LETTER TO EDITOR
|Year : 2011 | Volume
| Issue : 1 | Page : 34-35
Laparoscopic vagotomy with gastrojejunostomy for corrosive pyloric strictures
A Prasad, KA Mukherjee, M Kaur, M Ali, S Kaul
Department of Minimal Access Surgery, Indraprastha Apollo Hospital, New Delhi, India
|Date of Web Publication||3-Jan-2011|
Department of Minimal Access Surgery, Indraprastha Apollo Hospital, New Delhi
Source of Support: None, Conflict of Interest: None
|How to cite this article:|
Prasad A, Mukherjee K A, Kaur M, Ali M, Kaul S. Laparoscopic vagotomy with gastrojejunostomy for corrosive pyloric strictures. J Indian Assoc Pediatr Surg 2011;16:34-5
|How to cite this URL:|
Prasad A, Mukherjee K A, Kaur M, Ali M, Kaul S. Laparoscopic vagotomy with gastrojejunostomy for corrosive pyloric strictures. J Indian Assoc Pediatr Surg [serial online] 2011 [cited 2020 Jan 26];16:34-5. Available from: http://www.jiaps.com/text.asp?2011/16/1/34/74523
We read with interest the recent article "Pyloric and antral strictures following corrosive acid ingestion" by Shukla et al.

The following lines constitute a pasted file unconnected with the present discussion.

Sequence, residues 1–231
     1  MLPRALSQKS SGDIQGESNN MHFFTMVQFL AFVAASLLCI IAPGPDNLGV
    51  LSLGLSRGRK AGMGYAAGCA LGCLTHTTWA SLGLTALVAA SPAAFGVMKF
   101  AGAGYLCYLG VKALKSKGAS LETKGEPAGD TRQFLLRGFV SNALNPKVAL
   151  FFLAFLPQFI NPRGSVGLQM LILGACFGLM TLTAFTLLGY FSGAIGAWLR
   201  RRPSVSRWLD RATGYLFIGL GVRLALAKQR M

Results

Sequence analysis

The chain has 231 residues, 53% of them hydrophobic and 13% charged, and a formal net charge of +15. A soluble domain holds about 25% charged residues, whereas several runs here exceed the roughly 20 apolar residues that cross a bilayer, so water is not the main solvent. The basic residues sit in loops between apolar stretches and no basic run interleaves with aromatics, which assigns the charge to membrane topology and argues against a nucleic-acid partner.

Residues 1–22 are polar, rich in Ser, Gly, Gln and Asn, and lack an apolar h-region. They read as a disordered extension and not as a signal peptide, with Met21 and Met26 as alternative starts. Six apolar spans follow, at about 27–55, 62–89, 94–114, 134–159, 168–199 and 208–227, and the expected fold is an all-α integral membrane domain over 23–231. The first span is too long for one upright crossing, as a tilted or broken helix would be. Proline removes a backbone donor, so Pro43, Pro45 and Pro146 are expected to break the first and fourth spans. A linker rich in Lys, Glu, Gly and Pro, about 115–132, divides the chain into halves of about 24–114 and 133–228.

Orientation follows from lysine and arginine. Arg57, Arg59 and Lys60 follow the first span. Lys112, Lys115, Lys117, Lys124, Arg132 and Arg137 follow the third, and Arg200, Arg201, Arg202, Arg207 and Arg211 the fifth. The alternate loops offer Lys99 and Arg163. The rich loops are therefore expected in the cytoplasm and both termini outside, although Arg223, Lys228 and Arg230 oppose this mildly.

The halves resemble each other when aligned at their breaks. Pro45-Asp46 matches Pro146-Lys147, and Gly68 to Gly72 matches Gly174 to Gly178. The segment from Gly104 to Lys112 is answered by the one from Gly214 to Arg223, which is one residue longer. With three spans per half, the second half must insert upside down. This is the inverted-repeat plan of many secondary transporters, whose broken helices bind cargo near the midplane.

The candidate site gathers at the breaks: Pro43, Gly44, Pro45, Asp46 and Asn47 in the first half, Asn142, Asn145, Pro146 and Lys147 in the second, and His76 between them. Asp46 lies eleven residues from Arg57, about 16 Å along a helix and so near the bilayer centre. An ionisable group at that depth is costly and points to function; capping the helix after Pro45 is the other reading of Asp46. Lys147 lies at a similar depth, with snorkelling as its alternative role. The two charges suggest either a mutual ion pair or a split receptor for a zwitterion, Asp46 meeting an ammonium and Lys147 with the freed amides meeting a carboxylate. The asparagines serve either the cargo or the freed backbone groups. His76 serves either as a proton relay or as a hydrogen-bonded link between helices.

Gastrojejunostomy has been suggested as the treatment of pyloric stricture secondary to corrosive injury.  Laparoscopic approach is better than open because of lesser blood loss, lesser morbidity, and early recovery.  Postoperative stay of the patient in the hospital is reduced. There is also a reduced incidence of wound site infection.
We do a laparoscopic truncal vagotomy [Figure 1] with gastrojejunostomy for such patients as there is a significant risk of development of stomal ulcers if vagotomy is not done along with gastrojejunostomy.  There have been suggestions that the corrosive would have destroyed the acid producing cells, but no evidence to this effect has been shown in any scientific study. 
We recently had a 15-year-old female with a history of toilet cleaner (acid) ingestion. She had been treated conservatively with gastric lavage and was subsequently discharged with no complications. After 1 month of this episode, she presented to our hospital with recurrent vomitings which was initially to solids and later progressed to liquids. The patient had 7 kg weight loss in a month and was nutritionally depleted. An upper GI endoscopy showed narrowing at pylorus with a normal esophagus. This is consistent with the "licks the esophagus and bites the pylorus" hypothesis.  This patient underwent a laparoscopic vagotomy with gastrojejunostomy and made a rapid recovery.
We would like to suggest that these patients should be offered a laparoscopic gastrojejunostomy for all the benefits of minimal access surgery and a vagotomy should be added to avoid the delayed complication of stomal ulceration.
| References|| |
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